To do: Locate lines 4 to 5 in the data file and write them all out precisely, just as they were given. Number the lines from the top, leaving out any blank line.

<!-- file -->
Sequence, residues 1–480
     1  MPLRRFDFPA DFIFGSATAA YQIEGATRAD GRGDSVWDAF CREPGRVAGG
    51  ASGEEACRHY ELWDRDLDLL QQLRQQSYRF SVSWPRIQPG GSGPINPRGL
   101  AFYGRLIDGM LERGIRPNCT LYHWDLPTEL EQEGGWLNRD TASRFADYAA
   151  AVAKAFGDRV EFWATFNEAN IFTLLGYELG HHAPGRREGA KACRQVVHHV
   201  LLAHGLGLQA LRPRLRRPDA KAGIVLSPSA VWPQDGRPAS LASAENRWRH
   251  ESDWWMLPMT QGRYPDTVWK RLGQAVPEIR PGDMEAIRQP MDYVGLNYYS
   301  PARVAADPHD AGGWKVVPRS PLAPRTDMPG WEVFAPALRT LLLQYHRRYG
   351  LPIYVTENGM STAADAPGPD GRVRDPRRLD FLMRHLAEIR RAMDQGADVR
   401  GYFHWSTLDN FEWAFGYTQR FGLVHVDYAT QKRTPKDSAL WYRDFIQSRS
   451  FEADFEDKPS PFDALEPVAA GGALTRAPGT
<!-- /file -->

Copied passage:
   101  AFYGRLIDGM LERGIRPNCT LYHWDLPTEL EQEGGWLNRD TASRFADYAA
   151  AVAKAFGDRV EFWATFNEAN IFTLLGYELG HHAPGRREGA KACRQVVHHV